the series since its start in 1984, the first since Ingrid
Daubechies spoke eighteen years ago. We will not have
to wait long for our third woman. Fan Chung from UC
San Diego has agreed to be a Milliman Lecturer next
year, with Curt McMullen of Harvard coming this May.
I will close with some comments on the university’s
budget. A few years ago, just as the state was
cutting its direct funding to UW and the university
was compensating with large tuition increases, the
university moved to a new budget model that sent the
increased tuition funds to colleges based on student
enrollments. This favored our college, Arts and Sciences,
and indirectly our department as well. At the end of last
June, with the biennial legislative session going down to
the wire as it did two years earlier, the Legislature agreed
to a two-stage cut of 15% in resident undergraduate
tuition, with lost funding to be replaced (in large part,
but not completely) by an increased state allocation to
the university. As welcome as a tuition reduction is,
this is likely to have a negative impact on the college’s
operations, and ultimately on our own. As the statefunded portion of our budget waxes and wanes, the
private gifts and endowments that
we receive provide valuable
stability, with scholarships for
undergraduates, fellowship
support for graduate
students, professorships
for our faculty, and flexible
funds that can be used
to support their efforts.
To all of you who have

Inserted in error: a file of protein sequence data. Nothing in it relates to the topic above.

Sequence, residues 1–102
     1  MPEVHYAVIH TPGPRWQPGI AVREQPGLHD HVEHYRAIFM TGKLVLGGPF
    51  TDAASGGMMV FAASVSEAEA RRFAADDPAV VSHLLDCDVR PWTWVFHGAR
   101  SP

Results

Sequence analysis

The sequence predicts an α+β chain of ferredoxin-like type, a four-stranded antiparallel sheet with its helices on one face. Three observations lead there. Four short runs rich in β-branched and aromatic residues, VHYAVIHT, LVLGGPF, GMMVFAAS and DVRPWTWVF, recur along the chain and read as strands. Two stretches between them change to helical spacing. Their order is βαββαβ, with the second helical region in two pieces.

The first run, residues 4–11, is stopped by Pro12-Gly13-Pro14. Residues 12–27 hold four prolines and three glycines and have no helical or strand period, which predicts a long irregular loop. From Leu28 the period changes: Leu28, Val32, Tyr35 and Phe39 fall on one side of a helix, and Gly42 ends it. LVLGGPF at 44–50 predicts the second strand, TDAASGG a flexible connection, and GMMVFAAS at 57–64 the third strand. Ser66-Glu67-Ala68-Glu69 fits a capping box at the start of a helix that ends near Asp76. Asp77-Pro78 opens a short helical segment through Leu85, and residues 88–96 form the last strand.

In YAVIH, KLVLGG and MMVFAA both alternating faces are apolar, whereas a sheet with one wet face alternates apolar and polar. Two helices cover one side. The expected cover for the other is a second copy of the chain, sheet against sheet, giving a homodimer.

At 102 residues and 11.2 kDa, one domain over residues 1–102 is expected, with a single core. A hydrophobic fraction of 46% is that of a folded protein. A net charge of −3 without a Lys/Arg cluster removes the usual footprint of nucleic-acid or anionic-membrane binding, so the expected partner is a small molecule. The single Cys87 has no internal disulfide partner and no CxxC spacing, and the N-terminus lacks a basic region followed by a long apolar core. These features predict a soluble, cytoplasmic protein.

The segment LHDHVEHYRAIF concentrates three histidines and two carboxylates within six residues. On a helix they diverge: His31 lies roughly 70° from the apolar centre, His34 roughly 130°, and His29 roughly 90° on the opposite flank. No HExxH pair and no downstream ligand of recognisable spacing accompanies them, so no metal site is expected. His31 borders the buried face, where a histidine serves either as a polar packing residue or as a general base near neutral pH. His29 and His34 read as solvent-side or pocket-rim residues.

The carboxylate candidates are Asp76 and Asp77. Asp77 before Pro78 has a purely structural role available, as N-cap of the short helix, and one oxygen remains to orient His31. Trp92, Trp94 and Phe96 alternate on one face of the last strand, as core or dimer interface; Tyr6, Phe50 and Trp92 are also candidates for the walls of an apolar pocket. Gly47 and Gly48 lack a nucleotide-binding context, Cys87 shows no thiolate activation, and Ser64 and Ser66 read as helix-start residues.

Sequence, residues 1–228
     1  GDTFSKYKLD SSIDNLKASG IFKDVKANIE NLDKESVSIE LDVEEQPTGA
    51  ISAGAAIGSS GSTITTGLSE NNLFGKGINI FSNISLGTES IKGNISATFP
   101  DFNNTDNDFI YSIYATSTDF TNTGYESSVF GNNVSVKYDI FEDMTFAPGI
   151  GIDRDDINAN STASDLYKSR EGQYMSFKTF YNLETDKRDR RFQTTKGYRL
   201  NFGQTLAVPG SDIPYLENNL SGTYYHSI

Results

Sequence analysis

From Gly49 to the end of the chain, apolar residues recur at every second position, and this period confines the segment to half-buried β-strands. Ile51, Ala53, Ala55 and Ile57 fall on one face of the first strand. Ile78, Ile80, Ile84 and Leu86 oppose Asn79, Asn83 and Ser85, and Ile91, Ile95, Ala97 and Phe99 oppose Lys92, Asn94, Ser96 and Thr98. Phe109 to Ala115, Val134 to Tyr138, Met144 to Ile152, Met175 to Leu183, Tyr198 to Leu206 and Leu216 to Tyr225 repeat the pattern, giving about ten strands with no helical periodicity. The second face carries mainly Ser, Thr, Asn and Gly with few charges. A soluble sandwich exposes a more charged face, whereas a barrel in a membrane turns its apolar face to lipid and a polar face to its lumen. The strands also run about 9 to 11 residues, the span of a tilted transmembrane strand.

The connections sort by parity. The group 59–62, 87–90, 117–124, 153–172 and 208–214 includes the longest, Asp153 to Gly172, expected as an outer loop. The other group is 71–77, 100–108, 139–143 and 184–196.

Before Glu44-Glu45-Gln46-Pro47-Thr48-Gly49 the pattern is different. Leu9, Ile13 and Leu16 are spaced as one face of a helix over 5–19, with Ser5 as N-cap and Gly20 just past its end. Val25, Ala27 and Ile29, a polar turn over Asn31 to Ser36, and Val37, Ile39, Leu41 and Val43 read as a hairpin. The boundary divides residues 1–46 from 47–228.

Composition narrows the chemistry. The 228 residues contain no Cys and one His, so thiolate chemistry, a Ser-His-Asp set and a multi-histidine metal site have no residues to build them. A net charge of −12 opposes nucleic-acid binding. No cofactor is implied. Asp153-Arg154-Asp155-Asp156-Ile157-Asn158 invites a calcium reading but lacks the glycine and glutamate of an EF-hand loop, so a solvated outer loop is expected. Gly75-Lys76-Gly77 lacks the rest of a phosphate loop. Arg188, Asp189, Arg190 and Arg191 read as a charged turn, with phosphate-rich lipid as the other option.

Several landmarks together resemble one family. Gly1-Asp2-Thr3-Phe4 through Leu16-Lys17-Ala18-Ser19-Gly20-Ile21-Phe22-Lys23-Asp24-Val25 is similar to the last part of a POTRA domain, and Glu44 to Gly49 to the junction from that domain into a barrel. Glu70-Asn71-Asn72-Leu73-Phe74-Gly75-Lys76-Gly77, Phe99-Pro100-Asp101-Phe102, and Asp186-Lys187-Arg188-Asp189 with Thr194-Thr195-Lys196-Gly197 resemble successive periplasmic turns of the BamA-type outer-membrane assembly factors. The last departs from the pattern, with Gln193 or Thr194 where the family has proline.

contributed to the department,
on behalf of all of us in the
department, thank you.
Your generosity makes
such a difference in the
work we do.
Three of our faculty had successful promotion cases last
year, their promotions taking effect this past September.
Andy Loveless and Jenni Taggart moved from senior lecturer
to principal lecturer. Max Lieblich moved from associate
professor to professor. They are all immensely talented and
valued members of the department, with other talents to spare.
Andy is a top-notch tennis player, Jenni a breathtakingly good
actor, singer, and director, Max a jack-of-all-trades whose
research is expanding from algebraic geometry to machine
learning and computer vision, and who is taking the lead in
using technology to teach calculus. I learn so much from all
three of them.
Two of our newest faculty received major early career awards
last year. The Air Force Office of Scientific Research granted
Dima Drusvyatskiy one of its Young Investigator awards,
while Thomas Rothvoss received a Sloan Research Fellowship
from the Alfred P. Sloan Foundation. Both do work that
cuts across disciplines. In Thomas’s case, his research in
theoretical computer science is such a natural fit with the
work done by faculty in UW’s Department of Computer
Science and Engineering that earlier this year he received a
regular faculty appointment in their department too. One of
our senior faculty, Tatiana Toro, received a prestigious midcareer award, a Guggenheim Fellowship from the John Simon
Guggenheim Foundation. In addition to her strong research
program, she organized the first Latinos in the Mathematical